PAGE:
This High Art Nouveau monument, built from 1906 to 1908, is one of the most interesting buildings in Prague's Smíchov district. Facilities for up to 2000 visitors are suitable for cultural events and balls, conferences, concerts, exhibitions and trade fairs. The dominant feature is the Great Hall on the first floor.
Representatives of the then still independent town of Smíchov decided in 1906 to build some significant central city buildings, among them namely the National House (Národní dům) and the Central Market, and for that purpose they bought the land from the former botanical garden, which was damaged by the 1890 flood. The National House is one of the top Secession buildings in our country. It was built in the years 1906 - 08 according to a project of Alois Jan Čenský as a dominant of the main square at the town of Smíchov. Back then, Smíchov was not yet a part of Prague; it was only connected in 1920. Together with the neighbouring market, the National House was a much sought-for social-business centre for many years. The buildings were only divided by a garden restaurant. The building of the National House was richly decorated in the interior and in the exterior as well. On the outside, there are sculptures by Prague’s sculptor and medallist Josef Pekárek, who created a figurative group as an allegory of Music on the gable facing the Zborovská Street, and six figurative fillings above the large auditorium. Interior sculptures and ornamental decorations were realized by sculptor and medallist Antonín Mára.
Originally, there were two restaurants in the house: the People’s Restaurant in the basement was decorated by characteristic paintings by Ladislav Novák; the adjoining winter bowling alley was decorated by painter J. Mayer. By the way, the bowling alley, a very popular game of the Prague citizens at that time, was one of the most modern in Prague, as it had an electric reporting system of the hit pins. There was another restaurant on the ground floor, where there was also a café, a billiards game room, a kitchen, a chess club and a reading club. On the first floor, there is the Large Auditorium with a surface area of 433 m2, the gallery of which passes through the second floor, and then a small auditorium named Arbes’ Auditorium with windows to the garden with the surface area of 182 m2. There were lots of lounges for activities of different associations and clubs, and also some residential premises.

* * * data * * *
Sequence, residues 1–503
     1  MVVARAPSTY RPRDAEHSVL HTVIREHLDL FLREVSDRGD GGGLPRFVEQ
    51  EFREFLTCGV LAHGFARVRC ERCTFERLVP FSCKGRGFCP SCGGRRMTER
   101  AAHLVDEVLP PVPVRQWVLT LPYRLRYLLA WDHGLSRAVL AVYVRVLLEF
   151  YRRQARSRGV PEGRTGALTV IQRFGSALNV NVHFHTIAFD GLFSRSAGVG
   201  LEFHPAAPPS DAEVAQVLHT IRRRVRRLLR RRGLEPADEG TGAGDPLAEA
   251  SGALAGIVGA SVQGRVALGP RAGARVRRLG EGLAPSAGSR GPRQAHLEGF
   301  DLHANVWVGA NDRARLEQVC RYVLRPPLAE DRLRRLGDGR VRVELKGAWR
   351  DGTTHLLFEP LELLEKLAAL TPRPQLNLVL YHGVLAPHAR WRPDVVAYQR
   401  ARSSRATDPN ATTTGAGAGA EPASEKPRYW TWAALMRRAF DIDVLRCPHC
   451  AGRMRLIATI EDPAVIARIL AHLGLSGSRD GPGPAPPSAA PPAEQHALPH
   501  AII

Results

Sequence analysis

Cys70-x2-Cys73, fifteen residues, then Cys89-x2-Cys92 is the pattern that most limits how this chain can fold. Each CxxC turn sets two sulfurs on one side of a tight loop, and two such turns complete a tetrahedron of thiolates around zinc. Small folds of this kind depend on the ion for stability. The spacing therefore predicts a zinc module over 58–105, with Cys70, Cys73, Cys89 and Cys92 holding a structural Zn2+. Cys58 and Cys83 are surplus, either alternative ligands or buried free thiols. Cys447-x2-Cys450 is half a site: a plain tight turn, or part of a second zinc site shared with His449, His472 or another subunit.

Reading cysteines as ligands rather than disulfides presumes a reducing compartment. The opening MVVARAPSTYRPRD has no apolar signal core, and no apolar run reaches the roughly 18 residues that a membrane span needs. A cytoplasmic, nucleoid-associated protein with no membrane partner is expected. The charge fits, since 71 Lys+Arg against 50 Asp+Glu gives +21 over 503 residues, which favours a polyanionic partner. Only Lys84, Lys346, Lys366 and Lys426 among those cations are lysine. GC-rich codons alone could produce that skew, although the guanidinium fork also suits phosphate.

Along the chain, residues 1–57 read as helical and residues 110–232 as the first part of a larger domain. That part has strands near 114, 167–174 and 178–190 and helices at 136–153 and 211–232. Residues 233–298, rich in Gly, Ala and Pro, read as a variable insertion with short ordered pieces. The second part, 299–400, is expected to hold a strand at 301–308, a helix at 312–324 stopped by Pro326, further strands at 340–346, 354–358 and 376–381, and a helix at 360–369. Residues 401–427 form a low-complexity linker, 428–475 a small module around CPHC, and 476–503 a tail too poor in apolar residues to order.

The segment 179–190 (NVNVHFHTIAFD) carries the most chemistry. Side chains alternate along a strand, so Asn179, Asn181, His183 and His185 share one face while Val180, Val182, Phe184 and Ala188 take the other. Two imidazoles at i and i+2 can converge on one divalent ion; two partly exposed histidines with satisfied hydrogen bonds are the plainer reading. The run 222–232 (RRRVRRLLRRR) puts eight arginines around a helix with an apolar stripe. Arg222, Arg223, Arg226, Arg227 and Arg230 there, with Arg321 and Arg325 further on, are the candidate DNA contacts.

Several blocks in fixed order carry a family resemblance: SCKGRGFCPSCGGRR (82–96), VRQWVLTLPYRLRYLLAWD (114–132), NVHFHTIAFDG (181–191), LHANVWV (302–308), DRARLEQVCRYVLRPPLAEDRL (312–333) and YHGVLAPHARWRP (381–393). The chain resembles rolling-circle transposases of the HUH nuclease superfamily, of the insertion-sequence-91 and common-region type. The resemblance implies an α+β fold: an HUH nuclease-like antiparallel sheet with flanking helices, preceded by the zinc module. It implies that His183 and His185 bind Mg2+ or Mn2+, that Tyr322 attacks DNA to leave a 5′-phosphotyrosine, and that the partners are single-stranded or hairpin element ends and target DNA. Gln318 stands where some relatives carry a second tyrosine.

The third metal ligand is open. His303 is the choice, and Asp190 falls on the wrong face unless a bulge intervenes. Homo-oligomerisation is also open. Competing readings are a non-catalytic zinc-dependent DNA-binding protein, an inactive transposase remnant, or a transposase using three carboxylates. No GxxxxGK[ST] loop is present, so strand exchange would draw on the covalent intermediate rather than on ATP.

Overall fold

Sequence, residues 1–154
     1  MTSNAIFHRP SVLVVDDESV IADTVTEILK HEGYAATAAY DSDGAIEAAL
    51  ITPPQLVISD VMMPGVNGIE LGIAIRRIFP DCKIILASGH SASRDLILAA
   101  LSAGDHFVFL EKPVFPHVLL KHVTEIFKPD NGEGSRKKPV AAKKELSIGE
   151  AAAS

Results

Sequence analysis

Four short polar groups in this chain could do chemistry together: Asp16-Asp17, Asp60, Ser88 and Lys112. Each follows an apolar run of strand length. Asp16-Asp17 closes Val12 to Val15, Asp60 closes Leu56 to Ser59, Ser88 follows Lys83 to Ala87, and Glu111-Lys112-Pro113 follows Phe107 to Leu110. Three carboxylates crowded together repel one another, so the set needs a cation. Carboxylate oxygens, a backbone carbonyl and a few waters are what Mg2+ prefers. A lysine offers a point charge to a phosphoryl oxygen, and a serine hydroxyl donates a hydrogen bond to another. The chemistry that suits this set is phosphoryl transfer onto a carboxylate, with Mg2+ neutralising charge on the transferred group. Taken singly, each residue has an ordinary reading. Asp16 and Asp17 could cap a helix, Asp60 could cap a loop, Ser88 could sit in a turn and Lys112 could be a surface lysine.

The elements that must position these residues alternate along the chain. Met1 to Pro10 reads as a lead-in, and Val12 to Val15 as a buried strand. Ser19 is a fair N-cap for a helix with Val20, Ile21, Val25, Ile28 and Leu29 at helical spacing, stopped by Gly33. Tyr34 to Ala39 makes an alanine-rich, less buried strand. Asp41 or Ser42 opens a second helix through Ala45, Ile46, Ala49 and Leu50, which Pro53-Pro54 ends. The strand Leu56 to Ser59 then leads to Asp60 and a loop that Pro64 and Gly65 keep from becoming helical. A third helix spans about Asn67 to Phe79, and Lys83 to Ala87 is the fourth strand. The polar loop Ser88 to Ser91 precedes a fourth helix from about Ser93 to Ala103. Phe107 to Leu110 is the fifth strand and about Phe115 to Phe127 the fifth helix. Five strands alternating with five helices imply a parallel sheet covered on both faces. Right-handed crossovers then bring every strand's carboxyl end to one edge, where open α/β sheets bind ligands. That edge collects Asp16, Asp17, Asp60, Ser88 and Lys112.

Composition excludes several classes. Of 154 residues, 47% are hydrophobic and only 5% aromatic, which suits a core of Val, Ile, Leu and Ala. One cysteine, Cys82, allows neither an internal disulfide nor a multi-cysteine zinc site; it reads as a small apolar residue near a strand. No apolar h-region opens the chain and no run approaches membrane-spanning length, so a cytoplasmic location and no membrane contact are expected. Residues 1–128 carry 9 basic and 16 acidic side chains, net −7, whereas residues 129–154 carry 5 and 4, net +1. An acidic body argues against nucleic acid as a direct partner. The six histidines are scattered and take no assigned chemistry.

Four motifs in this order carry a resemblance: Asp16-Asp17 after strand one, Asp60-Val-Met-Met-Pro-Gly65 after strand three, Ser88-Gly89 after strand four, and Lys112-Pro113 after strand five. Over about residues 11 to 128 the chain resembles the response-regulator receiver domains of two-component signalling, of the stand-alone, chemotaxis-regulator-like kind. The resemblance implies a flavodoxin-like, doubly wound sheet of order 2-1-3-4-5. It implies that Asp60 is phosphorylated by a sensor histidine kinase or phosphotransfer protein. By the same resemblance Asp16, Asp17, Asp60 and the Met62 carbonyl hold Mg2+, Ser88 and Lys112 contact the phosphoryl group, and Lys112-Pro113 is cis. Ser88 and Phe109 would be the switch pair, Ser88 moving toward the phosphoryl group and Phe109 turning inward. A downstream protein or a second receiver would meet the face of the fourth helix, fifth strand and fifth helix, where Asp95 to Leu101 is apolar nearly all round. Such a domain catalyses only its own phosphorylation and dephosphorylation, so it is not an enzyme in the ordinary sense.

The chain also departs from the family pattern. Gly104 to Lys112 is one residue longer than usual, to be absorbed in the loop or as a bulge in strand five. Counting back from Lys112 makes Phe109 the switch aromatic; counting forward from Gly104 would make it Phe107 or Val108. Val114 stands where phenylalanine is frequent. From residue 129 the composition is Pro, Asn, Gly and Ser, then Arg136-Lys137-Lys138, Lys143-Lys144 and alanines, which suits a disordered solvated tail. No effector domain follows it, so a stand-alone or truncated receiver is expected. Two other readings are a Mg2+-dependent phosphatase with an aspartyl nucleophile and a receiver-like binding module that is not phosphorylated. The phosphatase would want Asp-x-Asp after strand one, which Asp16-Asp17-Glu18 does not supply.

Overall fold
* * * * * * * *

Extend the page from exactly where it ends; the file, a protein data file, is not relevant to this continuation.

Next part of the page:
Once a perfect layout of the interior kept changing in time; namely the insensitive divisions of the premises, building-up and reconstructions in the 50s really harmed the building. At that time, the house became the property of the machine-industry trade unions, which turned it into a Cultural Centre of the metal-working industry. Frequent temporary repairs without a unified conception caused a great devastation of the building, which was only stopped by a complex general reconstruction at the end of the 90s. The restoration workers strictly adhered to the original projects during the reconstruction of the Secession building as well as the stylish equipment. Therefore we can find copies of Secession chandeliers installed, as well as Secession furniture and stylish replicas of the original lighting pillars on the staircases. In the 60s, a popular Futurum was established, or also the F Club, the first big-beat club in Prague, which was also repaired and preserved for public.